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The Past: [Immutability]

So, to start, little bit of backstory, just to acquaint, I've been a gamer since as far as I can remember. I was born in the year of our lord 1981, not religious just like a sense of revelry and gravitas, anyway, and some of my earliest memories involve gaming. Some of my earliest and fondest memories are of spending countless magical summer afternoons spent atop a milk crate, which was the style at the times for smallish children, playing Double Dragon, Operation Wolf, and Rampage at the creatively named "Fun and Games" at the mall near my house. The combination of my high school aged cousin as live in babysitter in the summers and a mall in walking distance facilitated this, now that i think about it, lifelong love of gaming. And that's the beautiful thing about gaming. It's a lifestyle, and the more that I think about it, gaming, like war, never changes.

There's a certain beautiful chronological and emotional parity to it, in the sense that we have all felt the same feelings of wonder and merely sensation during the past, present, and future of it. Now granted I can only prove that with anecdotal evidence, but search your feelings, you know it's true. Okay, here's example one. Not but last night I downloaded Outlast on PS4, as it's on PS Plus and I was fairly psyched to finally play it (full disclosure I have never been part of the glorious PC master race, had a decent gaming PC for about 6 weeks in college before it was woefully passe.) Anyway, I'm playing the game for like literally half an hour and if you've played the game, then you know, and I the shit starts getting all sorts of ill and terrifying and I, a grown ass man and fan of jump scares, quickly said to myself, "Oh, fuck this right now; I've got to go to bed in two hours and, just no." Then, as I started watching safe, non terrifying sitcoms and playing equally non terrifying Gravity Rush I had a very specific memory just light up. I was about 15 or 16, and my parents were out doing something, and I was playing Resident Evil 1 for the first or second time, and I'm home alone, and those dogs jump through the window. My young brains goes, "Oh, fuck this right now." And that's the beauty of having spent so much of my life fully, mostly, enjoying this hobby/ lifestyle.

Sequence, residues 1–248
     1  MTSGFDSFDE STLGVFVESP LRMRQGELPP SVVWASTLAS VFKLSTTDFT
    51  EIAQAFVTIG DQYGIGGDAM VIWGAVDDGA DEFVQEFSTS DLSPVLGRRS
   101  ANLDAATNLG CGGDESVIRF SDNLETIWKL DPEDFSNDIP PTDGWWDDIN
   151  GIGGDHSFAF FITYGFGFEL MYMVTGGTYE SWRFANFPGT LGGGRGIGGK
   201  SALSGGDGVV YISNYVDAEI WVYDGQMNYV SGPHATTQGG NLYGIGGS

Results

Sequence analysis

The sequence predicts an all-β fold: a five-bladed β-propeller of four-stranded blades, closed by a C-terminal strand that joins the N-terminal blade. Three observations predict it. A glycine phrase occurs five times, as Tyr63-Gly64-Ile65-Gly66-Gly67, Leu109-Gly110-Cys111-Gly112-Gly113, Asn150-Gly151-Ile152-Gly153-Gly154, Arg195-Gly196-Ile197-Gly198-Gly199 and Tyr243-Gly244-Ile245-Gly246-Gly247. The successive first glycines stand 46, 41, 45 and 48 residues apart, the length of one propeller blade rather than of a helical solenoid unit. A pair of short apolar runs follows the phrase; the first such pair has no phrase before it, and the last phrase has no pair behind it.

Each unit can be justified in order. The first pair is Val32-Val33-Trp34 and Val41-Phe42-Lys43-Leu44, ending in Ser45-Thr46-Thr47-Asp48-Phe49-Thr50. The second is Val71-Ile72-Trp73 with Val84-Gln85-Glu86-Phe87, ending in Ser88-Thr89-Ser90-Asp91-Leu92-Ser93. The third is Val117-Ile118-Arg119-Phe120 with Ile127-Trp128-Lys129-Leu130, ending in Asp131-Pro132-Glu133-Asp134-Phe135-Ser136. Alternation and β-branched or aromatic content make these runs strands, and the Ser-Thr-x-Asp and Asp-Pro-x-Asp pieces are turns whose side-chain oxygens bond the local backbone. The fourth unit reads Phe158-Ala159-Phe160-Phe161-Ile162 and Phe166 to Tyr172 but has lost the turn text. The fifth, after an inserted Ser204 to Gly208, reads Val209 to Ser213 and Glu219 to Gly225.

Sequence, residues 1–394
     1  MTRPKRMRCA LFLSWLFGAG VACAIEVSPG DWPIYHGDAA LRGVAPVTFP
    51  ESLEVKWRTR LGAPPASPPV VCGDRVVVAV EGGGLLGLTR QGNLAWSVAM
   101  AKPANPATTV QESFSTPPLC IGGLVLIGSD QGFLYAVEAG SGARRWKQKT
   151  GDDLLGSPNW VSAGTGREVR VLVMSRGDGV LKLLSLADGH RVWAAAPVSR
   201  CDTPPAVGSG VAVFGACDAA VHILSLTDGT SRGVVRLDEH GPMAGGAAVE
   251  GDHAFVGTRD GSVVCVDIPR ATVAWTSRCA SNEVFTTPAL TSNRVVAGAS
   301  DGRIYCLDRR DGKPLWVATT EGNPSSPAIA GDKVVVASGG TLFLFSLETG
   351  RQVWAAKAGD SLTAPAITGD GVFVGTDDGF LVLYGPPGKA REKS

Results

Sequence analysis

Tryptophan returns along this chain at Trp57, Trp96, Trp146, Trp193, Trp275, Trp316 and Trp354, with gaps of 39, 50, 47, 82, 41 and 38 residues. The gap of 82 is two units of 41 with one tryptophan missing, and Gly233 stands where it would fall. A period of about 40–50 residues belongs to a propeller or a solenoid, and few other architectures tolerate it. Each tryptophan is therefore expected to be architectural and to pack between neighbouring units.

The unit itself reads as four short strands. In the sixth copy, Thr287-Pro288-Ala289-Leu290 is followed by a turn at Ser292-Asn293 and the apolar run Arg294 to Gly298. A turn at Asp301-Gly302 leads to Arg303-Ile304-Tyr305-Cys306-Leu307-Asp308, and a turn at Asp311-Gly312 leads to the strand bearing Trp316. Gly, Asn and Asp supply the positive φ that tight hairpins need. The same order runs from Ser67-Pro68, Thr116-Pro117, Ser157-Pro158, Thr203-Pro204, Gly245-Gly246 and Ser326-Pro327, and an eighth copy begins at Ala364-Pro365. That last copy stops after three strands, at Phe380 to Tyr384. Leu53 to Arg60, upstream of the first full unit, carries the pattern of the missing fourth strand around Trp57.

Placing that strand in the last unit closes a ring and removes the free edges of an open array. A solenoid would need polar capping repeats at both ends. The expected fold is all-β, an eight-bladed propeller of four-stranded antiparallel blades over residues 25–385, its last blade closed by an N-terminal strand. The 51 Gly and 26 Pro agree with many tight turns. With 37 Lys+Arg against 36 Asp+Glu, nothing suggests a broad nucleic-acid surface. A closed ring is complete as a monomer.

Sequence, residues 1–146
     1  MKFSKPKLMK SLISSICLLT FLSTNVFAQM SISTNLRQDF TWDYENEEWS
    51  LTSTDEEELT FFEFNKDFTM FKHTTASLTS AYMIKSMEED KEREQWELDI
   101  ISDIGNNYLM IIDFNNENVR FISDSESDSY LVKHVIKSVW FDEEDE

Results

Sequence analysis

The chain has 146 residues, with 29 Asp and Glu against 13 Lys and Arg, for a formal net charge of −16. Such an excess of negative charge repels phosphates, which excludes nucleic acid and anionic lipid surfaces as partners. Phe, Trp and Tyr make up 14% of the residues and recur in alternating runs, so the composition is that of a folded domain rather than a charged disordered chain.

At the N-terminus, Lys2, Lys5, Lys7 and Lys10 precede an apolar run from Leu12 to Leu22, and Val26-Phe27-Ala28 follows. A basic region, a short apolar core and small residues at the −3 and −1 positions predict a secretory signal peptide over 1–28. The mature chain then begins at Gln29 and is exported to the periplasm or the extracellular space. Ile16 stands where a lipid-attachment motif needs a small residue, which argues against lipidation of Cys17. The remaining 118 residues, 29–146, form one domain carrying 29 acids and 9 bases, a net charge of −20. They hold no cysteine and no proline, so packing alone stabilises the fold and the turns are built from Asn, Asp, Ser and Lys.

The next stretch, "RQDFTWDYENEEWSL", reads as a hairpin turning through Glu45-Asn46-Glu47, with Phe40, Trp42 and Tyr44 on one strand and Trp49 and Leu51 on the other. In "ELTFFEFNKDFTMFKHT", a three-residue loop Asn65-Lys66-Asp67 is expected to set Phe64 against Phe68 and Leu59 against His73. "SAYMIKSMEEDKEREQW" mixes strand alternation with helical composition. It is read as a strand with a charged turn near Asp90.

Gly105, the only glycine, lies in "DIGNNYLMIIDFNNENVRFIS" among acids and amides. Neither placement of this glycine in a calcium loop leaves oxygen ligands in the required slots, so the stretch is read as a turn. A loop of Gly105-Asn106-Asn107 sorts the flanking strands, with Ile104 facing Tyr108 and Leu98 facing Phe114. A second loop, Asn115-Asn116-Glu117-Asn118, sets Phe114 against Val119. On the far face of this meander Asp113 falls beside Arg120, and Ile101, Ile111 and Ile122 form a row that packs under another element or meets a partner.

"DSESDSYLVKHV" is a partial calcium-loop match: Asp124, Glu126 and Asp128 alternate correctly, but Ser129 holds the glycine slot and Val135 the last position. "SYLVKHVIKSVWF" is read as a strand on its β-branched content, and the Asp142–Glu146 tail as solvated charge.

I mean I personally find it interesting that I still go through the same, borderline obsessive, process of digesting information in anticipation for "Bravely Default" that I did for "FFVI", granted working in an office facilitates finding the amount of time I used to have to slavishly gaze at EGM articles in anticipation. I still get the same "Holy Shit, this is going to be awesome squee" unboxing a PS4 that I did unboxing that Sega Master System those fateful years ago. (Full disclosure, I started on the "losing end" of every console generation up until maybe this one; we'll see.� I know what you're thinking, and the answer is TurboGrafx-16 and Atari Lynx although Todd's Adventures in Slime World and Bloody Wolf and Alien Syndrome do not get the modern waxing and fawning they deserve as late 80's/early 90's classics, anyway.)

Pretty much, what I love about gaming, aside from the games, obviously, is the immutability of the feeling of sheer wonder that they bring.� The games, unlike so many other things I loved as a child, (yes, I'm talking about the Star Wars movies), grew up with me.� I can think about the hours after school playing Dynamite Duke at a friend's house after school, and now, thanks to the miracles of the internet, playing GTA Online with friends after work (then the Moneyocalypse came; half of you know it's true). Just this week I had a long conversation about the sheer, all encompassing time sink that was Halo 2 on Xbox Live. Sure, I remember that time semi-fondly, as it got� a tad out of hand, but I remember a lot of the games fondly. I think back on the loving shame that has followed me this past decade for maxing out the game clock on FF X-2 (Gullwings 4 Lyfe), and the weird ass looks I've gotten when my friends overhear the dialogue of Persona 4: Golden (the concept doesn't fly with an unsurprising number of people). I'd say the only real change is that I'm less susceptible to high end advertising (Yes, I too was swindled by Abbadox and countless other well marketed turds, especially Power Glove).� Oh, and I got way better at item management in games. �� So, that's really it. When I think of my gaming past, I feel the same about my gaming present and gaming future; I just spend those magical summer afternoons at home now.
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About Dwayneone of us since 1:25 PM on 02.16.2011